sets which is based on subsets. The only advise I have here is look at PEP 3000 that states: Comparisons other than == and != between disparate types will raise
an exception unless explicitly supported by the type. Which seem to imply that == and != should not raise an exception but
, >=, <, <= should.


This seems like a good guide for a policy on enumerations.

How about this proposal:

Enumerations (instances of Enum) contain a fixed sequence of unique,
arbitrary values. The values within an enumeration are instances of a
type (subclass of EnumValue), unique to that enumeration.

Values from an enumeration can be compared for equality (__eq__,
__ne__) with any other value, and will only return True for the same
value from the same enumeration, otherwise False. Other comparison
operations can be performed only with values from the same
enumeration, otherwise an exception (EnumValueCompareError, subclass
of ValueError) is raised.

This might result in the following simplistic implementation::

class EnumValue(object):
# ...

def __eq__(self, other):
result = False
if self is other:
result = True
return result

def __cmp__(self, other):
if isinstance(other, EnumValue):
if is_same_enumeration(self, other):
result = cmp(self.index, other.index)
else:
raise EnumValueCompareError(self, other)
return result

This gives meaning to the "equal value" comparisons, but ensures that
other comparisons are errors.

Comments so far?

--
\ "I like to fill my bathtub up with water, then turn the shower |
`\ on and pretend I'm in a submarine that's been hit." -- Steven |
_o__) Wright |
Ben Finney
Dec 16 '05 #9

P: n/a
Ben Finney <bi****************@benfinney.id.au> writes:
This gives meaning to the "equal value" comparisons, but ensures that
other comparisons are errors.

Comments so far?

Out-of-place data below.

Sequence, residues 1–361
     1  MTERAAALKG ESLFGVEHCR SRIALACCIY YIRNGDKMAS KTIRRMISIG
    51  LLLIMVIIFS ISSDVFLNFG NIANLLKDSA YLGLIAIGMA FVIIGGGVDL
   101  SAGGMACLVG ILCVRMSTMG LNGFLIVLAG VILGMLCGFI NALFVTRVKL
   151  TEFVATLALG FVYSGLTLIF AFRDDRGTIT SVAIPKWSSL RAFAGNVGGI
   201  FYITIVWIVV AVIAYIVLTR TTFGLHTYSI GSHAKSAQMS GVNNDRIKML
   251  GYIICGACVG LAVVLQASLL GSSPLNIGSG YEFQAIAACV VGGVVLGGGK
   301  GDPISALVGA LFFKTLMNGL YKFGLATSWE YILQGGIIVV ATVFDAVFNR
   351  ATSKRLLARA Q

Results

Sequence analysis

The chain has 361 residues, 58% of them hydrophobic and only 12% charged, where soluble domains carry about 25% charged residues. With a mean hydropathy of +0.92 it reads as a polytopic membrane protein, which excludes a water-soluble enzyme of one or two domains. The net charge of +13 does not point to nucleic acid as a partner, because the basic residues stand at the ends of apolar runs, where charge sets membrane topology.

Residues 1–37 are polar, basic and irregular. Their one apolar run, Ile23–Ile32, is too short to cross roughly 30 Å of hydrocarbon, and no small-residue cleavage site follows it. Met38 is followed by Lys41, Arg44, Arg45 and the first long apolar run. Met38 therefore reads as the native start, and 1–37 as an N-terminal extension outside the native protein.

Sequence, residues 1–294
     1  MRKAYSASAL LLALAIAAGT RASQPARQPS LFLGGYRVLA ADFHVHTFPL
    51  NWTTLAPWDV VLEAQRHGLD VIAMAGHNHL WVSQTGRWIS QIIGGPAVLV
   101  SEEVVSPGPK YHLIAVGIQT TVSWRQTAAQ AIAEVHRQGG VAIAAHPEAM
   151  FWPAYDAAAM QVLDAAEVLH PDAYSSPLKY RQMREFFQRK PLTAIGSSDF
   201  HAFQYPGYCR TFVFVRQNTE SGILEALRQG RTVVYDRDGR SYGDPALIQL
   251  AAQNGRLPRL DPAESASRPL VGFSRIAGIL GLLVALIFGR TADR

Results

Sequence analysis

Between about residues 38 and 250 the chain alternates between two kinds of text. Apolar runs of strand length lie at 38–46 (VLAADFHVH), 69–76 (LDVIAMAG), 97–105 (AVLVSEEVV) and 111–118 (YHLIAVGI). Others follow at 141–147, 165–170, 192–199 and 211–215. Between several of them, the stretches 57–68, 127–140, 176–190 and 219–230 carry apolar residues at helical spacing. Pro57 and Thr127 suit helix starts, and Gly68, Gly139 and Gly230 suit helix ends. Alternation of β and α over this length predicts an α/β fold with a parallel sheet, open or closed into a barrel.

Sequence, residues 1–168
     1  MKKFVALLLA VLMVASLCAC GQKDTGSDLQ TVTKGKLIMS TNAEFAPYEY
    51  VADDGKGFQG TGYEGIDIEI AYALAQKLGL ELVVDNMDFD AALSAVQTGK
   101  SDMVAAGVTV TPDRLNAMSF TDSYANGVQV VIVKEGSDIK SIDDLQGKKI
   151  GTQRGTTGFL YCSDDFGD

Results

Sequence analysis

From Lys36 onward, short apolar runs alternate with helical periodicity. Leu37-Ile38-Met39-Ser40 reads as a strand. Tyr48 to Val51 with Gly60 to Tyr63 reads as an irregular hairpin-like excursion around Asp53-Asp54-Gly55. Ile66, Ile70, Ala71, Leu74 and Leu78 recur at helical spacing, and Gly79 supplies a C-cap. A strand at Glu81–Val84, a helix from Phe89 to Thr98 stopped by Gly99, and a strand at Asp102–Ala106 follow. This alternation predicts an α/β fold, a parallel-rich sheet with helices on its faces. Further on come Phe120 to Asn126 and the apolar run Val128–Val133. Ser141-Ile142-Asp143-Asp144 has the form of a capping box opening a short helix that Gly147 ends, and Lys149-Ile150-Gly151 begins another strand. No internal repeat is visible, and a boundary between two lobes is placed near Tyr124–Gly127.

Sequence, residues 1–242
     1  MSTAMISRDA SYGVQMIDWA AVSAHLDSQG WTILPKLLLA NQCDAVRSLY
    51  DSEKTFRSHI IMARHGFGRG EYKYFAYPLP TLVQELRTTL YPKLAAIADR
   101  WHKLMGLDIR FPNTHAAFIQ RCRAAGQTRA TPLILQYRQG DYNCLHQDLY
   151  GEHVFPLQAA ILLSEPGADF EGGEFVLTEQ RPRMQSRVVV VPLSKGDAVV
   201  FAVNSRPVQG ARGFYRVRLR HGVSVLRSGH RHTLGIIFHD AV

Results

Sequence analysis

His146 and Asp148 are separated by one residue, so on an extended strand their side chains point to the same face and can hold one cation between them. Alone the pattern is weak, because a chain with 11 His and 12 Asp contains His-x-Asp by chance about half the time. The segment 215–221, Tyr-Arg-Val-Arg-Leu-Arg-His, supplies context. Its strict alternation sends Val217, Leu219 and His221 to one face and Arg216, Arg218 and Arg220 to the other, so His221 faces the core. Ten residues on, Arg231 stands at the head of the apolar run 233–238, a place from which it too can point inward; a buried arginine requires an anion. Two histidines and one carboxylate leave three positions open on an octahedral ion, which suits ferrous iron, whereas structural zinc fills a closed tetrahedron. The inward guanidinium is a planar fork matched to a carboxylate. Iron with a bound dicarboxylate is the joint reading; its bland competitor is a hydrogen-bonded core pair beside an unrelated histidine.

What does copy.copy of an enumeration value do? What happens if you
have a list with some enumeration values inside, and you make a
deepcopy of it? What happens if you pickle an enum, then unpickle the
pickle and compare what comes out to the other enum?

All in all, comparing by object identity doesn't sound too good.
Maybe you want to have the enum contain its own name internally, and
do a string comparison.
Dec 16 '05 #10

P: n/a
> Antoon Pardon wrote:
Ben Finney wrote:
> Would it be better if every Enum instance had its own unique
> subclass of EnumValue, that was used to instantiate values for
> that enumeration?
If you decide on keeping the current behaviour when comparing
values of different enumerations, I would definitely answer
yes.


If values from different enums were to be compared for equality (and
not raise an exception), would it still be good to have those values
be of different types?


Yes, because people who would need a quick and dirty ordering
could then use the type of the object as a first key.
The only advise I have here is look at PEP 3000 that states:

Comparisons other than == and != between disparate types will raise
an exception unless explicitly supported by the type.

Which seem to imply that == and != should not raise an exception but
>, >=, <, <= should.


This seems like a good guide for a policy on enumerations.

How about this proposal:

Enumerations (instances of Enum) contain a fixed sequence of unique,
arbitrary values. The values within an enumeration are instances of a
type (subclass of EnumValue), unique to that enumeration.

Values from an enumeration can be compared for equality (__eq__,
__ne__) with any other value, and will only return True for the same
value from the same enumeration, otherwise False. Other comparison
operations can be performed only with values from the same
enumeration, otherwise an exception (EnumValueCompareError, subclass
of ValueError) is raised.


Looks good to me.
This might result in the following simplistic implementation::

class EnumValue(object):
# ...

def __eq__(self, other):
result = False
if self is other:
result = True
return result

def __cmp__(self, other):
if isinstance(other, EnumValue):
if is_same_enumeration(self, other):
result = cmp(self.index, other.index)
else:
raise EnumValueCompareError(self, other)
return result

This gives meaning to the "equal value" comparisons, but ensures that
other comparisons are errors.

Comments so far?


Isn't there an else missing? I have the impression that if you compare
two enums from a different enumeration __cmp__ will raise UnboundLocalError.

--
Antoon Pardon
Dec 16 '05 #11

P: n/a

Antoon Pardon wrote:
Op 2005-12-16, Ben Sizer schreef <ky*****@gmail.com>: